Fixed Income In A Low Interest Rate Environment
Wain Stushnoff - Feb 29, 2016
Remember the days of double-digit returns on guaranteed fixed income products? At one point, it may have been prudent to weigh your portfolio in favour of "risk-free" fixed income investments to take advantage of skyrocketing interest rates. In 1981, a Canada Savings Bond had a guaranteed return of 19.5 percent, which seems almost too good to be true by today's standards (of course, inflation was also significantly higher during this time)!
Historically, investing in bonds has been an effective way to diversify risk in a portfolio. Although current interest rates are at record low levels, this doesn't mean that investors should abandon the strategy of allocating part of their portfolios to fixed income investing.
Why are Interest Rates So Low?
As a result of ongoing financial market uncertainty and slower economic growth, the central banks of Canada and the U.S. have been holding their key interest rates at low levels to try and stimulate growth.
When Will Bond Yields Rise?
Unfortunately nobody can predict when yields will rise. In the U.S., the Federal Reserve is expected to raise interest rates in the shorter term. The Bank of Canada lowered its target rate twice in 2015 due to persistently low oil price and commodity prices which have created a slow growth environment for our nation.
However, as the economic situation improves, rising interest rates are inevitable. If an investor has purchased bonds with long maturities and interest rates rise, the face value (or price) of the bonds will decrease. As interest rates rise, there may be better opportunities to purchase bonds with higher yields, but if existing bonds are replaced prior to maturity, these bonds would end up being sold at a discount.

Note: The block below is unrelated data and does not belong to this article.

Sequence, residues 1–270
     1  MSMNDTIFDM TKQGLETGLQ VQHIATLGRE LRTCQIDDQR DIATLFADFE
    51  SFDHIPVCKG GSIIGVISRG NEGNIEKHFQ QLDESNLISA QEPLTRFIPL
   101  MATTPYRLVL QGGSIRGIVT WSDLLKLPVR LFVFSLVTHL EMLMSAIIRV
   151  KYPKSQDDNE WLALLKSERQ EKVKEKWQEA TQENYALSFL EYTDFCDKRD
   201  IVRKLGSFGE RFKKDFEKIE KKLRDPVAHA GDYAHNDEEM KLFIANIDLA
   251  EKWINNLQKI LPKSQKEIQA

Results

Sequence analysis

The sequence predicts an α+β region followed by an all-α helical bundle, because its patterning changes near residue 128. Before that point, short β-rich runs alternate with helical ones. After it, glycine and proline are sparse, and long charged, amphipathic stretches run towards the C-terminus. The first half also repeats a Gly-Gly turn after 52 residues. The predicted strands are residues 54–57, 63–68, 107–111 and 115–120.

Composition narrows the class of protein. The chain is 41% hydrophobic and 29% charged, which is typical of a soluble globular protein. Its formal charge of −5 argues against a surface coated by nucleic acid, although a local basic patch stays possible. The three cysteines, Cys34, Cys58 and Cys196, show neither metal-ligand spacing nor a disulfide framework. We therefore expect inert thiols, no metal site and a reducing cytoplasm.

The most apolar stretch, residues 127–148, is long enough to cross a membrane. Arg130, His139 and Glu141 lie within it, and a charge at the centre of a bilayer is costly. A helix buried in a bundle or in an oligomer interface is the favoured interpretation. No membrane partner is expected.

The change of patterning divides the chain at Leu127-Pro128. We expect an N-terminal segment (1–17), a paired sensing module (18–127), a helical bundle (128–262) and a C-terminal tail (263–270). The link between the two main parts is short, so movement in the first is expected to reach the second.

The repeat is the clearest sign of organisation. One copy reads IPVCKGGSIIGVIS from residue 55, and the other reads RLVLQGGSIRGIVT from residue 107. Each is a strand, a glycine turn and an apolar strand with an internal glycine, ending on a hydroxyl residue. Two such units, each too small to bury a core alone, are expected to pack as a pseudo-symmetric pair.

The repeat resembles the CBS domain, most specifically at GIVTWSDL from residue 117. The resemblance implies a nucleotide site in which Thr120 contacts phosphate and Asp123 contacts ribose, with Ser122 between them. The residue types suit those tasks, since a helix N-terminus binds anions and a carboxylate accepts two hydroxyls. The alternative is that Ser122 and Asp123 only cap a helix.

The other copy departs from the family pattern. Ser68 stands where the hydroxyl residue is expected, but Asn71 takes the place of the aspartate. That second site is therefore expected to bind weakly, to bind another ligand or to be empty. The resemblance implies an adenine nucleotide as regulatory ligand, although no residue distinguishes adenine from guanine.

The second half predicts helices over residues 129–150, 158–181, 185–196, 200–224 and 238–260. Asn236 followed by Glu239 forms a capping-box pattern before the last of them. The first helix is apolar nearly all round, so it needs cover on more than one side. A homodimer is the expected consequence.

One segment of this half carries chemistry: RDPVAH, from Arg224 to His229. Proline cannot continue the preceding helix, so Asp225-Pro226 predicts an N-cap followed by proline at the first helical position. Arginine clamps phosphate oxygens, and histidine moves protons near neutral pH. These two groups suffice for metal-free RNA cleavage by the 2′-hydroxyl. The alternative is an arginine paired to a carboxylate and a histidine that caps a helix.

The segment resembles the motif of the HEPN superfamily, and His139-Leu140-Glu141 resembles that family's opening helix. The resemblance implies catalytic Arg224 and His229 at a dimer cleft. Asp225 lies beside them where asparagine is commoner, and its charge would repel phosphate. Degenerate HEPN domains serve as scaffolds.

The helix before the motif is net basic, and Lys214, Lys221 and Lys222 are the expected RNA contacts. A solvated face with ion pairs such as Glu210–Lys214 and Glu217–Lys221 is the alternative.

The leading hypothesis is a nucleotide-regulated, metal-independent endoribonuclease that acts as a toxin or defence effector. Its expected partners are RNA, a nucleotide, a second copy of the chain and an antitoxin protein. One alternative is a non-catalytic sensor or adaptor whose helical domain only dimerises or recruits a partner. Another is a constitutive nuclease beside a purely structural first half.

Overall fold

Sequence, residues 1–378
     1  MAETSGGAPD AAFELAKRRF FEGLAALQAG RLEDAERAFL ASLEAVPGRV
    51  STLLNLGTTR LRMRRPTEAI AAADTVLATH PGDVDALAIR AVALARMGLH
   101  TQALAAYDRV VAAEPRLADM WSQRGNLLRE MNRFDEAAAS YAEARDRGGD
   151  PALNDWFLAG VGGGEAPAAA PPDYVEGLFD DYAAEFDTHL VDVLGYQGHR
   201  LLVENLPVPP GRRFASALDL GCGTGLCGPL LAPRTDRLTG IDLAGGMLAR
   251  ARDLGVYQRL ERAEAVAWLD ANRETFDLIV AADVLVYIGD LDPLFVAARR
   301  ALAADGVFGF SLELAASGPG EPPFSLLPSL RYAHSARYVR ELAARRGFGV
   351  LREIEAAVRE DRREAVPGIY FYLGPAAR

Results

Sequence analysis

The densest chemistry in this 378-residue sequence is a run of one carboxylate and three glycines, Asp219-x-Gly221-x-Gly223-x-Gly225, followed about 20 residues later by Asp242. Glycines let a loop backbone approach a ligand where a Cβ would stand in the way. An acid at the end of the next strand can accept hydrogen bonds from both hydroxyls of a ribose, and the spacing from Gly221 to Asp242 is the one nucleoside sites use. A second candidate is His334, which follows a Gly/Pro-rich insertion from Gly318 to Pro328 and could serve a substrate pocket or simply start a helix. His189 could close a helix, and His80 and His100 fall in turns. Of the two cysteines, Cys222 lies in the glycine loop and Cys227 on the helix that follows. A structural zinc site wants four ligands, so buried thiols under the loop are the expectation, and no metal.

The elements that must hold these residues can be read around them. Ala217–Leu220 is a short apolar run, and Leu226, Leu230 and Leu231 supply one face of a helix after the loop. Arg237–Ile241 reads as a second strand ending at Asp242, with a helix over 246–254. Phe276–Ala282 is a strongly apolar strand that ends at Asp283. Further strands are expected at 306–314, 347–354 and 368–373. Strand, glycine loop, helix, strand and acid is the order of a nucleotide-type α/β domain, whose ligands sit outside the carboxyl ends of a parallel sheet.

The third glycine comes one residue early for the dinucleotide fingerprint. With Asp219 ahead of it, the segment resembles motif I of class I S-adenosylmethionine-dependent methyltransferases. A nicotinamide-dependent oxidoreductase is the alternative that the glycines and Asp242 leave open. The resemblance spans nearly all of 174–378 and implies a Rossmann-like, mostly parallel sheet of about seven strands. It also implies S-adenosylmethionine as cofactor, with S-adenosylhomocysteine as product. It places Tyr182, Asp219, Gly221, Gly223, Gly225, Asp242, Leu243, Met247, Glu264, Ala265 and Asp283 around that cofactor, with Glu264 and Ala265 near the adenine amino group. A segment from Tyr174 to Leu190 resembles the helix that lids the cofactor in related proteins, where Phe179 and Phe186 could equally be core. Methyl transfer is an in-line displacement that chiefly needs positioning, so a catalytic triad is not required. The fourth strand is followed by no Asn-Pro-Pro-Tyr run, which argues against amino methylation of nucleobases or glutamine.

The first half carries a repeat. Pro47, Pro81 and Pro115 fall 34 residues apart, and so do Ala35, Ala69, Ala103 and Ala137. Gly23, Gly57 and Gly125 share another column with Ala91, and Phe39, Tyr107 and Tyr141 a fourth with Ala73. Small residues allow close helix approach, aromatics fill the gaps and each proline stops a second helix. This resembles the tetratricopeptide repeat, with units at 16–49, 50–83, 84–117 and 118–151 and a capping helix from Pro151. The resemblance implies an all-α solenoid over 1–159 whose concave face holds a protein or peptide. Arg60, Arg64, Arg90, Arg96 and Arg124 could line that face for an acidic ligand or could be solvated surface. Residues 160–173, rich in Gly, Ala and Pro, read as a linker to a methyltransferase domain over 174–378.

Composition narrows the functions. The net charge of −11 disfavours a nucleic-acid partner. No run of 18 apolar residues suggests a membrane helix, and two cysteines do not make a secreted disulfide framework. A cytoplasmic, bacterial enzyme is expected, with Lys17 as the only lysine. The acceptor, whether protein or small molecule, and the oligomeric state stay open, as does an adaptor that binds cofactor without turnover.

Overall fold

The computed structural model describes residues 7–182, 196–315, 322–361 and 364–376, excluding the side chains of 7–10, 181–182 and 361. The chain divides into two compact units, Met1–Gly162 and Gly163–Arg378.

How Does Fixed Income Fit Into My Portfolio?
Fixed income investments still play an important role in providing diversification to mitigate the volatility of stocks. In this low-rate environment, a fixed-income allocation strategy should consider other forms of fixed-income products, not just traditional bonds. This will allow for the potential to generate better income, while still balancing equity volatility and providing portfolio diversification. Here are some things to think about:
• Capital Preservation — Government bonds may be a reliable way to preserve capital during uncertain times. Cash isn't a good alternative as low rates of inflation have the potential to erode any small interest returns. Even modest bond returns may often be better than holding cash.
• Time to Maturity — The longer the time to the bond’s maturity, the greater the opportunity for interest rates to change. A 15- or 30-year bond may appear attractive today with comparatively higher yields than one with a shorter time to maturity, but it is difficult to predict how interest rates will affect the bond over this longer time period.
• Risk — Higher-risk fixed income securities often offer higher returns. For instance, a bond with a greater risk of default may offer higher interest payments. In the current rate environment, investors may wish to evaluate their risk appetite to improve income potential. Preferreds, corporate bonds or high-yield bonds may be suitable considerations, depending on risk tolerance. A bond fund or exchange-traded fund may help to diversify some of the risk depending upon the underlying fixed income securities. There are many fixed income alternatives available and we can offer recommendations depending on your risk profile.
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